Histology Guide

virtual microscopy laboratory

Chapter 4 - Muscle Tissue

Muscle tissue is composed of cells specialized for contraction. Muscle is classified into three types according to their structure and function:

Skeletal and cardiac muscle cells are called striated because they show an alternating series of bands. The repeating arrangement of their basic contractile unit, the sarcomere, produces these striations.

In all types of muscle, contraction is caused by the movement of myosin filaments along actin filaments.

The terms muscle cell and muscle fiber are synonymous.

Skeletal Muscle

Skeletal muscle fibers are long cylindrical, multinucleated, striated, and under voluntary control.

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(H&E)
(longitudinal and cross-section)
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(H&E)
(longitudinal section)
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(phosphotungstic acid/hematoxylin)
(PTAH)
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(H&E)
(longitudinal section)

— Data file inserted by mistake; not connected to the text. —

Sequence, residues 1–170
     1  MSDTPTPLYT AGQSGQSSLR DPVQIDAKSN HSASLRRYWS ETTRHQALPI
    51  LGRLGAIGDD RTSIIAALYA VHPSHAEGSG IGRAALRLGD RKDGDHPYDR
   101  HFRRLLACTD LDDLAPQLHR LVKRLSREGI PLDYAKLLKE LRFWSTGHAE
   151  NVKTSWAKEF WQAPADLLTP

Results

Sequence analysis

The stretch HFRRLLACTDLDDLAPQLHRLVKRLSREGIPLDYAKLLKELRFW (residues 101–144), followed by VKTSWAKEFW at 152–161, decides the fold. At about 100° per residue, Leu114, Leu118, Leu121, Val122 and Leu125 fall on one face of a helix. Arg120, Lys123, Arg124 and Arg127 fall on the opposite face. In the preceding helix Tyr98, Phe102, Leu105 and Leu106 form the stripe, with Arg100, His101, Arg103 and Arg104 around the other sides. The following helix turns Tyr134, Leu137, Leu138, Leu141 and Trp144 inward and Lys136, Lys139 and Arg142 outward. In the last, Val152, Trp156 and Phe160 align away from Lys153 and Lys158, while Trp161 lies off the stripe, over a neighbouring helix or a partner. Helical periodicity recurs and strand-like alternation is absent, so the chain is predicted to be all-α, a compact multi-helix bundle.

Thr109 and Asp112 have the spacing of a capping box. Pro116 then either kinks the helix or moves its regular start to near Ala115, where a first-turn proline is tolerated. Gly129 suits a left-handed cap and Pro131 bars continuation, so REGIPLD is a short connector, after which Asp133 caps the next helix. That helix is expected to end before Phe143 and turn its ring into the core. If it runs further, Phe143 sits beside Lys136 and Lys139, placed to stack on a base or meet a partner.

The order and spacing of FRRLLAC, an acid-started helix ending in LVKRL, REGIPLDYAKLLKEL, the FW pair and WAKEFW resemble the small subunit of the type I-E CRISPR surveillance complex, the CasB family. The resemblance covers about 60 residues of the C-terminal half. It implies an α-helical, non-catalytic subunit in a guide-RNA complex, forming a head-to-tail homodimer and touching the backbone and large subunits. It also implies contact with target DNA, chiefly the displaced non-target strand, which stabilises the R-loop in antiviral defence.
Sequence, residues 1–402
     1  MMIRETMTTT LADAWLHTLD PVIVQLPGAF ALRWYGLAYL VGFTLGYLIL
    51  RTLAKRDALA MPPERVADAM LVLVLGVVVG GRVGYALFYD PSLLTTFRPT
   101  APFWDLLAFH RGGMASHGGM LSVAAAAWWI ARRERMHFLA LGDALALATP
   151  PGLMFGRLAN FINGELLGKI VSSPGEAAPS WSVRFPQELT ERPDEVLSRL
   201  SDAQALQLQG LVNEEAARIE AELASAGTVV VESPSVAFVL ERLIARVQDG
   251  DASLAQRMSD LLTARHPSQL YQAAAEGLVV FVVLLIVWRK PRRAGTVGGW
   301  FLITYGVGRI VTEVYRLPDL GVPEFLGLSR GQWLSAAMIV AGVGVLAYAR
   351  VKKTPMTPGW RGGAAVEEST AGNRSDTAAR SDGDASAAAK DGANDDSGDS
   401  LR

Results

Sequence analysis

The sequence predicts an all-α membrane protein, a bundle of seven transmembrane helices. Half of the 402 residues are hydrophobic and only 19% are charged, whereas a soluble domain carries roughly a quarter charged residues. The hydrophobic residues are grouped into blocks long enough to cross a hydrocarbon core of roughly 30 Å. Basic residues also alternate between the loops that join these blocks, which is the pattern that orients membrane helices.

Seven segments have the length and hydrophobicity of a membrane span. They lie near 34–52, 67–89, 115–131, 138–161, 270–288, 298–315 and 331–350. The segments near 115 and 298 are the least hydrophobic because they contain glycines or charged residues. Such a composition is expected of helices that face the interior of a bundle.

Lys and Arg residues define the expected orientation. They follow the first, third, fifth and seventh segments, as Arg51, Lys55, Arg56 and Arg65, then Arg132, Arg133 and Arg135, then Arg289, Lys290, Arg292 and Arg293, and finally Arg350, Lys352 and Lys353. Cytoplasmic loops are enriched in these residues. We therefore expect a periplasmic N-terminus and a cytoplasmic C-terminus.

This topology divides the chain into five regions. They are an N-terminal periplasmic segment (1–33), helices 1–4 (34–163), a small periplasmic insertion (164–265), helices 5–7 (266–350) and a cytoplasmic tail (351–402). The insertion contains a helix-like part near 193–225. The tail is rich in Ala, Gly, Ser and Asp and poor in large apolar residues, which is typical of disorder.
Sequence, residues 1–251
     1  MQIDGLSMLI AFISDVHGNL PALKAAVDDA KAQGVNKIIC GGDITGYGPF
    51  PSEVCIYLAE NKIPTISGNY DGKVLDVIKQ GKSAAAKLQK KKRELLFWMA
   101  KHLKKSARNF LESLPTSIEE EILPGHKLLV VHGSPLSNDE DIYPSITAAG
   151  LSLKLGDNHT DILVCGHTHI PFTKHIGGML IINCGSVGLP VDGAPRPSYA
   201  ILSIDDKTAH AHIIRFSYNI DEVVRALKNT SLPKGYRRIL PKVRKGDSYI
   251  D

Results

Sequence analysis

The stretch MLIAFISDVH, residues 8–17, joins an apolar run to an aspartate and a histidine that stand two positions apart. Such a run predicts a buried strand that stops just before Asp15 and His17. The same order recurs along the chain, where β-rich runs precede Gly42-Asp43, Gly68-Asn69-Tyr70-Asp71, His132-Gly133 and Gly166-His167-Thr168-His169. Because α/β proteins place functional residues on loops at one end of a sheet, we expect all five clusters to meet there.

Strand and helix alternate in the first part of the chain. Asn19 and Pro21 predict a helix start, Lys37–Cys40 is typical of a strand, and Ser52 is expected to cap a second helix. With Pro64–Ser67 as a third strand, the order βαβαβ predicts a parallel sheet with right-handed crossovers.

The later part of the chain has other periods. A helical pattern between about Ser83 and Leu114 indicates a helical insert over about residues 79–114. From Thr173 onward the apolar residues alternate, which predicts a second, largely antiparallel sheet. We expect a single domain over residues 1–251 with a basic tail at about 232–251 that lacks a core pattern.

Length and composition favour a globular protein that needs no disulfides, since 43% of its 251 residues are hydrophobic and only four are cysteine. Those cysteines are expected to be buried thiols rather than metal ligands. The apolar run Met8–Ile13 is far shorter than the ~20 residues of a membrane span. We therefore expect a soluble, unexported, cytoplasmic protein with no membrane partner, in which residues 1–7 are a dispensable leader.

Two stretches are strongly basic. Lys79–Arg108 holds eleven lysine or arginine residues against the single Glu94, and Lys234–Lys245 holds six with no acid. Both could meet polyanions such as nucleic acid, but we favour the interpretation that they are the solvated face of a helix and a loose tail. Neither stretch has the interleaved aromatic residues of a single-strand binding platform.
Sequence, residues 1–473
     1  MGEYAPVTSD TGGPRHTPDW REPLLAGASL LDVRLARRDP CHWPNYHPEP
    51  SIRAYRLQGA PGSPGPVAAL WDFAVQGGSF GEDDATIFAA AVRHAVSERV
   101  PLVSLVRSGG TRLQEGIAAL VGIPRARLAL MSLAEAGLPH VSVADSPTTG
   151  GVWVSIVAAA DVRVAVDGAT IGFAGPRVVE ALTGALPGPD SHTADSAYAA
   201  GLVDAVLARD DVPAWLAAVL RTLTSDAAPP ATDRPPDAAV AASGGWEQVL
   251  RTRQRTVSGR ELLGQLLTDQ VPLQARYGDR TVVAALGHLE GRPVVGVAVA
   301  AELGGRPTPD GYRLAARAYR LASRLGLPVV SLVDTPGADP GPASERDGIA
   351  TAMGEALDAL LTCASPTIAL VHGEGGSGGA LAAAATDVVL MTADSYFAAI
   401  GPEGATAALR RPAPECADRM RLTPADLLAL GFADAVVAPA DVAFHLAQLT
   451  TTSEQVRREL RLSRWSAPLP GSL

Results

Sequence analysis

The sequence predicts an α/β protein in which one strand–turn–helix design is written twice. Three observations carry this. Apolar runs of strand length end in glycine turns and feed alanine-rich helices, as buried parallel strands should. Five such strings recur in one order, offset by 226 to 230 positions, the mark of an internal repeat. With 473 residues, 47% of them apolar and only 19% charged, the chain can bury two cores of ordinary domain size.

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(H&E)
(cross-section)

Individual skeletal muscle cells can be seen by teasing apart a muscle.

Muscle Insertion

A muscle insertion transmits the force of contraction from a muscle to a tendon or bone.

Cardiac Muscle

Cardiac muscle are short branching fibers, have a single, centrally located nucleus, show the same striations as skeletal muscle, and are under involuntary control.

slide
(phosphotungstic acid/hematoxylin)
(PTAH)

Purkinje fibers are modified cardiac muscle cells that convey electrical impulses that coordinate contraction of cardiac muscle.

slide
(periodic acid-Schiff stain)
slide
(phosphotungstic acid/hematoxylin)
(PTAH)

Smooth Muscle

Smooth muscle cells are spindle-shaped (fusiform), have a single, centrally located nucleus, and are under involuntary control. The uniform, nonstriated appearance gives rise to the name smooth muscle.